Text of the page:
The French Canadian immigrant made her entrepreneurial debut at age eight. She later became the first girl on the Davis High School boys wrestling team. It was on the wrestling mat that she developed a noteworthy endurance for humiliation (to this day, she owns the school's record for getting pinned the fastest and the most in her first year). Her bruises and losses prepared her to come alongside others who need to be "scraped off the mat," shined up, and put back in the fight.
Catherine left behind a career in venture capital and private equity to pursue her calling. At age 27, she founded the Prison Entrepreneurship Program (PEP), a nonprofit organization that serves men in the Texas prison system. PEP was nationally recognized for its groundbreaking results, including a recidivism rate of less than 5%, and an employment rate of 98%.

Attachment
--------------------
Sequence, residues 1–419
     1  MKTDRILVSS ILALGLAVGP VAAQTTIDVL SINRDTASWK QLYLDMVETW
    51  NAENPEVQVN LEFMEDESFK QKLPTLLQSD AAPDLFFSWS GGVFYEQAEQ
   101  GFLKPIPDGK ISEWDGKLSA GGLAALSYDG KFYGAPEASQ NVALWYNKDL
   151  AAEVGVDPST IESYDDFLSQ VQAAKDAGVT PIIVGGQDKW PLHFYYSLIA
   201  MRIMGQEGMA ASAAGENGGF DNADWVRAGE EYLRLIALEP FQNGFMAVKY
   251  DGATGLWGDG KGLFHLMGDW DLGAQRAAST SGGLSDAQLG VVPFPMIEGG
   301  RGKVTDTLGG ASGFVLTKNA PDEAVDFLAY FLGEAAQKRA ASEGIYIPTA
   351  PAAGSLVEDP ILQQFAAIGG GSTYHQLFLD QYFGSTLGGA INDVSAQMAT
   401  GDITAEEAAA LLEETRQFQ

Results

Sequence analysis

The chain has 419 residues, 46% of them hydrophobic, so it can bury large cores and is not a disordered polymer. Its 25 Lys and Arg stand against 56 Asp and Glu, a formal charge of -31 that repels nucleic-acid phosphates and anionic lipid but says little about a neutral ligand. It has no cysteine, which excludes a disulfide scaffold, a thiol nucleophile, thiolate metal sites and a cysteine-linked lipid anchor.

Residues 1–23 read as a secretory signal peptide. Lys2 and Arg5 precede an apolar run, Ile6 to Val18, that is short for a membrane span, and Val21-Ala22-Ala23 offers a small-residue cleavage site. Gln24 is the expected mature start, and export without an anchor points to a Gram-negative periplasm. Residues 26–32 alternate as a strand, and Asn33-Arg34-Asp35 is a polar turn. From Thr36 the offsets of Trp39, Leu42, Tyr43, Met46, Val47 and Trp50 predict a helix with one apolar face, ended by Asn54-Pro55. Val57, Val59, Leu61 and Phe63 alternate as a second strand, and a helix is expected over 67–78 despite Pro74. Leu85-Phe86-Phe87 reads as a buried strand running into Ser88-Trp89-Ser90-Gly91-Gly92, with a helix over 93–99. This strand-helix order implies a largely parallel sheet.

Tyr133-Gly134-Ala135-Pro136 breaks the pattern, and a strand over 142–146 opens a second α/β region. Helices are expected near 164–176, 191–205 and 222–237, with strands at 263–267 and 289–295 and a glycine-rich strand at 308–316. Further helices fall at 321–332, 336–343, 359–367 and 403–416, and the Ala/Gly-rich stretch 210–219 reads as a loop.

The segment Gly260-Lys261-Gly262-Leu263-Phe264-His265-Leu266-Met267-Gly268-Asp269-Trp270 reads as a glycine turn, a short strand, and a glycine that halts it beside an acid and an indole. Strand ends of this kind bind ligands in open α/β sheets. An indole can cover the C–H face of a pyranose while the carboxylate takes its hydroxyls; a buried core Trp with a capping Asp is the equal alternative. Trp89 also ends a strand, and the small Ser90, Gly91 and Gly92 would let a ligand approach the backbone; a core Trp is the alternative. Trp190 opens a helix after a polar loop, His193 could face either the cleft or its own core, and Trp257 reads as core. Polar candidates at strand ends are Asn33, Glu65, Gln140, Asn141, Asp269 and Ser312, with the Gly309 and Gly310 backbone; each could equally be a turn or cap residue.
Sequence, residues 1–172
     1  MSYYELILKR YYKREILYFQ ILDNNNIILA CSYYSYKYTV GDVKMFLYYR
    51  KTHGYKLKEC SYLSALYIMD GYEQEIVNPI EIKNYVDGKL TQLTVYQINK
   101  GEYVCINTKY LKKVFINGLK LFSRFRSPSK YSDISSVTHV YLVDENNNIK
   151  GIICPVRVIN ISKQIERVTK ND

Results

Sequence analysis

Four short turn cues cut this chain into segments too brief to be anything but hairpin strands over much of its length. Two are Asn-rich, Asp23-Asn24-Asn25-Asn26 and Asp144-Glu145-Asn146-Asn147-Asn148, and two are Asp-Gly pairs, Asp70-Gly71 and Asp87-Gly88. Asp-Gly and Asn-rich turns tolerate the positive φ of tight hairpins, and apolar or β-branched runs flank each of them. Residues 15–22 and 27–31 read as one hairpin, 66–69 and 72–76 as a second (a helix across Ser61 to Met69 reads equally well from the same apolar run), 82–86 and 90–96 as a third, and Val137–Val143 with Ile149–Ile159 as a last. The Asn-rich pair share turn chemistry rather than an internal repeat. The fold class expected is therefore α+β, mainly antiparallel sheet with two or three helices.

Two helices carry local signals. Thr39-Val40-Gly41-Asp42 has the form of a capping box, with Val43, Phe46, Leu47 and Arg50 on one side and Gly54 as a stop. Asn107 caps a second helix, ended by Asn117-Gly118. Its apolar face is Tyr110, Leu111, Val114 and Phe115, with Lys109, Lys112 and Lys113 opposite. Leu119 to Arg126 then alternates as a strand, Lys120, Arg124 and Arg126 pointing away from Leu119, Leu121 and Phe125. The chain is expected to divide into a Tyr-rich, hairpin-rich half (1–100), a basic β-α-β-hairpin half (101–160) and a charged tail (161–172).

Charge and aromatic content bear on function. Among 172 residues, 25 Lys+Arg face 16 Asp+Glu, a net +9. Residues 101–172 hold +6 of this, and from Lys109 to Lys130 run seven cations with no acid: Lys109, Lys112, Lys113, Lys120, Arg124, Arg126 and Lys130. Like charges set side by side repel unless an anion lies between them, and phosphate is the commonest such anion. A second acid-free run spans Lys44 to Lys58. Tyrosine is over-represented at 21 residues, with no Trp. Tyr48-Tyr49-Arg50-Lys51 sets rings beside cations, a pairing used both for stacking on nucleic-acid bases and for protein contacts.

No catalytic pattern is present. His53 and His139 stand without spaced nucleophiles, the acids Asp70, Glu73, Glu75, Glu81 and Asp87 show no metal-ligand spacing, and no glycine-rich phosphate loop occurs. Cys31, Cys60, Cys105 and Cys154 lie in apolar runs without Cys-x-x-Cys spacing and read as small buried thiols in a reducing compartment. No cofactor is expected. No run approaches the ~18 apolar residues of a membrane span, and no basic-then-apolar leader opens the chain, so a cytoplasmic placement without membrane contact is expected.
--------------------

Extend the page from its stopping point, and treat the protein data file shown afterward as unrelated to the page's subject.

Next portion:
Driven by her hatred for injustice and love for the underdog, Catherine founded Defy in 2010 after being given her own second chance to lead. Catherine became an Ashoka Fellow in 2013, and in 2014, was recognized by Fast Company as one of the 100 Most Creative People in Business. Catherine and her grads have spoken nationally to business and faith-based audiences including The Willow Creek Leadership Summit, SXSW, Catalyst, Harvard and Stanford Business Schools, EO, Chicago Ideas Week, Brooklyn Beta, and Philanthropy Roundtable.
A three-time marathon runner, former rugby player, and California State Wrestling Champion, Catherine still enjoys training and competing in Brazilian Jiu-jitsu and submission grappling in her spare time. She resides in New York City with her husband, Charles.